I work within the photographic genre of found imagery, with other peoples’ photographic material and written documents. The material for Whoretography is sourced using cyberethnographic methods; however, online interactions alone are insufficient to develop a deep understanding of the visuals of the sex worker online community. So I’ve conducted offline research consisting of qualitative interviews with internet based sex workers, and their customers in the United Kingdom, Australia and the United States of America. Found photography allows for an editorial style in which I can act as both as editor and author; this is not common when working with sex work imagery. Standard approaches to visually representing sex workers include photo-voice, wherein sex workers themselves create the photographs (typically of their workspaces), and photo-essay; the publishing world is awash with photo essays that, for example, take a sneaky look inside brothels. I wanted to avoid these visual clichés. Working with found images means constructing new narratives from seemingly unconnected photographs to provoke critical dialogue about sex work and present an alternative view of sex work. It allows me to take the discussion of sex worker imagery from the realms of the sex work community and place it in the wider community. Fundamental to this goal is deconstructing the visual vocabulary of sex work imagery online to investigate the overarching questions, “Is it possible to reclaim the word ‘whore’ through creative practice as research?” and “What role does photography play in contemporary online sexual consumption?” I have an interest in ensuring photography is relevant in the fight for the full decriminalisation of sex work. We must celebrate the fact that sex workers are now image makers; we must challenge the exclusion of sex workers from online visual spaces; and we must talk about the posthumous humiliation of sex workers via the standard practice of releasing morgue photos. The prohibitionist war on sex work is underpinned by their belief that their photographic rhetoric is photographic truth, and we must name the game when it comes to the middle-class masses being in an uproar about the apparent gentrification of sex work via some mythical photoshop gentrification tool.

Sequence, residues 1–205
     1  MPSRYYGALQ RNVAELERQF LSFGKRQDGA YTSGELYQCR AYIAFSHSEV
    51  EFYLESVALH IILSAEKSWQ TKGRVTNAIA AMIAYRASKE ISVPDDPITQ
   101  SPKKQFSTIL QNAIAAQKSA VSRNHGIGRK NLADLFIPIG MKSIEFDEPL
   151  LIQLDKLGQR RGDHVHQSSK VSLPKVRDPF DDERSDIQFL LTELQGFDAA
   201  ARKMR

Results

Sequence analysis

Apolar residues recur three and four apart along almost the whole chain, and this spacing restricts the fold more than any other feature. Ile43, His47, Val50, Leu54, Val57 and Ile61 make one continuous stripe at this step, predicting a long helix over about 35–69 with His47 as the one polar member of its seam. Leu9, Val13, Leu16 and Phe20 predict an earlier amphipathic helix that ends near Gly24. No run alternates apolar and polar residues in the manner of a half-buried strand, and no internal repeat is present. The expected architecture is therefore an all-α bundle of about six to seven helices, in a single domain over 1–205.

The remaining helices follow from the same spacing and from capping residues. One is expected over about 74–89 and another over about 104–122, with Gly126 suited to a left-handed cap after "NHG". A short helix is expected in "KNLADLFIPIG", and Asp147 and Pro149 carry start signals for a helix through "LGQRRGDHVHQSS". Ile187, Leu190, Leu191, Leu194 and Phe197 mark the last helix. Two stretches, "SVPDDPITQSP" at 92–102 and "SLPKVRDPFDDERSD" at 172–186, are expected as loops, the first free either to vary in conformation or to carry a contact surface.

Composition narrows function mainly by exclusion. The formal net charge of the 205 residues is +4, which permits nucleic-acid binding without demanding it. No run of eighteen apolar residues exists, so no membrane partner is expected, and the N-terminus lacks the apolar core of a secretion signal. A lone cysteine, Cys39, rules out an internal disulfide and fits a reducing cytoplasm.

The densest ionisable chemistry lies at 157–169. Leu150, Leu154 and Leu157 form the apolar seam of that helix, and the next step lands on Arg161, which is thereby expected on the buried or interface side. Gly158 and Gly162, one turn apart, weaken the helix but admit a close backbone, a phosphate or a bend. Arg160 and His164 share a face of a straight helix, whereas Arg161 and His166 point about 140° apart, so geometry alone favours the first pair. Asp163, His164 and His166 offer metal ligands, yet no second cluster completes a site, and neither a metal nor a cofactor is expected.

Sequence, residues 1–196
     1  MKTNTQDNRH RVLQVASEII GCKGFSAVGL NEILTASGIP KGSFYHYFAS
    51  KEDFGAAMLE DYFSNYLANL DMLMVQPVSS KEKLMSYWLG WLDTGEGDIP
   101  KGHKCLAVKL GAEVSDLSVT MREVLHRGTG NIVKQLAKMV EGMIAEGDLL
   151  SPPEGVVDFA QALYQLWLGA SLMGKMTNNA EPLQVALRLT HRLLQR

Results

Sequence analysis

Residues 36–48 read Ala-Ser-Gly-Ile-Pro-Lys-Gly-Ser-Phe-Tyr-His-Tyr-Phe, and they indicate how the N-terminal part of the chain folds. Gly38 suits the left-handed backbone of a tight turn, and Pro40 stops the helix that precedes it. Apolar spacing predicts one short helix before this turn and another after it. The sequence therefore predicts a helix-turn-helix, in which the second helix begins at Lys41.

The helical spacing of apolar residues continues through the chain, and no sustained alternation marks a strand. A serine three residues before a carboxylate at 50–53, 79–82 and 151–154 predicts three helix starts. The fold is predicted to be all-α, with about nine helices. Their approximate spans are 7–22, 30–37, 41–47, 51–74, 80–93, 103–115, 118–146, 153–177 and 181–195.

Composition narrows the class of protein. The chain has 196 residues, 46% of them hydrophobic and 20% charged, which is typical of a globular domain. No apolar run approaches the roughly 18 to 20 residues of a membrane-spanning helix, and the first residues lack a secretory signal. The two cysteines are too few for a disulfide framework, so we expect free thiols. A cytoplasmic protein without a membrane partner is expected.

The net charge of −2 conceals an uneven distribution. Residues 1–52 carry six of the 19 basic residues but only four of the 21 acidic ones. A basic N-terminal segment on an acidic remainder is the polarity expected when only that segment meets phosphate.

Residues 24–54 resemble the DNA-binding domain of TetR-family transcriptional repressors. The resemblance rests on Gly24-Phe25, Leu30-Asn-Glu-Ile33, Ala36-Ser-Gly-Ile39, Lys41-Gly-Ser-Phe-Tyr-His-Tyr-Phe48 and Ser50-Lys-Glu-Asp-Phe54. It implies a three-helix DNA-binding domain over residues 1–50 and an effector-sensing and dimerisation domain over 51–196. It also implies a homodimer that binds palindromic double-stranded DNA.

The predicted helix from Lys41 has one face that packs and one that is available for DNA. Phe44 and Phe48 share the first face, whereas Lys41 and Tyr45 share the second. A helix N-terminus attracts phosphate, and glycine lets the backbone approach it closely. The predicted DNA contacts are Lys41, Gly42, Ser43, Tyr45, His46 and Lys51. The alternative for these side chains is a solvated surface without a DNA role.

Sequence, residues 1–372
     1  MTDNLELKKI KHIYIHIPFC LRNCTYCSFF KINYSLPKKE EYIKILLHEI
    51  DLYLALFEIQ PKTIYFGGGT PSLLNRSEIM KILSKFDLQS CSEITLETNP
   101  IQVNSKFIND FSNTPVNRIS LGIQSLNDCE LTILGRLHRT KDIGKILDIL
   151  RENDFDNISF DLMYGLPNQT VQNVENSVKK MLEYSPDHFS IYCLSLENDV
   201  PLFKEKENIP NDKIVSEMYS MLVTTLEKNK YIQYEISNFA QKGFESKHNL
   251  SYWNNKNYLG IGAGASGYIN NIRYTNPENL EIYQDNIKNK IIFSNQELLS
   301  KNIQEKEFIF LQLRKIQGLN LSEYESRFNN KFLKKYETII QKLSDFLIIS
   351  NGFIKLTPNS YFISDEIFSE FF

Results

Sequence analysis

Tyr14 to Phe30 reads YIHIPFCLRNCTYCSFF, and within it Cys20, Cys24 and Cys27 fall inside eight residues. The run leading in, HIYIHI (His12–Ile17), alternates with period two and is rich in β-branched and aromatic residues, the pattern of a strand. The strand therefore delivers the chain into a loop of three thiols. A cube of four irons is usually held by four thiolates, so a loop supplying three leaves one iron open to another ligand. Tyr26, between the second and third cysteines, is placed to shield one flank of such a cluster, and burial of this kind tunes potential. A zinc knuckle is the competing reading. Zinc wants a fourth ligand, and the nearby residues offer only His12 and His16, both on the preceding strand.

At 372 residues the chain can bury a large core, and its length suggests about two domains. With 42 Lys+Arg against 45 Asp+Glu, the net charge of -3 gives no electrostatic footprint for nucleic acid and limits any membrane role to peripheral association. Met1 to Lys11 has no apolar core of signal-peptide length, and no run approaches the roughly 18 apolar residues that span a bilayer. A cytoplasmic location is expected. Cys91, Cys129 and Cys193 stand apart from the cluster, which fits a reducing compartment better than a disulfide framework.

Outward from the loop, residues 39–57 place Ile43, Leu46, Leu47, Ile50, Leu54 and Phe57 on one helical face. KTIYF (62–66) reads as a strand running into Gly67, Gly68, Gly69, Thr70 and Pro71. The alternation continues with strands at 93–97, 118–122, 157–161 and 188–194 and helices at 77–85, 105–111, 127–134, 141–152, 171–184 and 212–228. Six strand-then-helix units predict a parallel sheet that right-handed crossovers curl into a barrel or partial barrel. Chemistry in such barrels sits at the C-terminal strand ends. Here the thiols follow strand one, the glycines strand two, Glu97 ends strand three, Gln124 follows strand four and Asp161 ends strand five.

I wonder if I have made this article sound too clinical and academic, but it has not been an easy two years. I have an overwhelming sadness for some of what I have seen; people’s understanding of sex work is based on a carefully constructed visual lie. The media are in cahoots with exclusionary bullies to peddle that lie, and it bloody royally pisses me off that middle-class feminists seek to deny sex workers access to the digital revolution and visual online spaces. I undertook a Master’s Degree because I was seeking a better theoretical understanding of my craft, and in stepping away from weddings I unwittingly stumbled across my life’s photographic purpose. I am committed to setting up a visual activist platform and sex work-positive publishing house. I have amassed over 20,000 images and a lot of what I have seen makes me cry. I have seen child abuse victims marketed as teen sex workers; prohibitionists create rescue images with a tonal quality reminiscent of colonial missionaries “saving the natives from themselves”; the publication and subsequent outing of sex workers by newspapers; the dire consequences of the pixilated face in propelling stigma; and the shaming of sex workers as a police tactic to help in the gentrification of up and coming hipster neighbourhoods. The way people have weaponised the camera as a tool of violence against sex workers is in marked contrast to the way we use the camera as an agent for couple cohesion in wedding photography. I am on a mission to shift the political landscape of sex work by forcing people to understand its visual landscape. Photography is currently used to silence the intentions, actions and feelings of sex workers and to make their lives more precarious; we need to change this, and I hope you will help me to make this happen.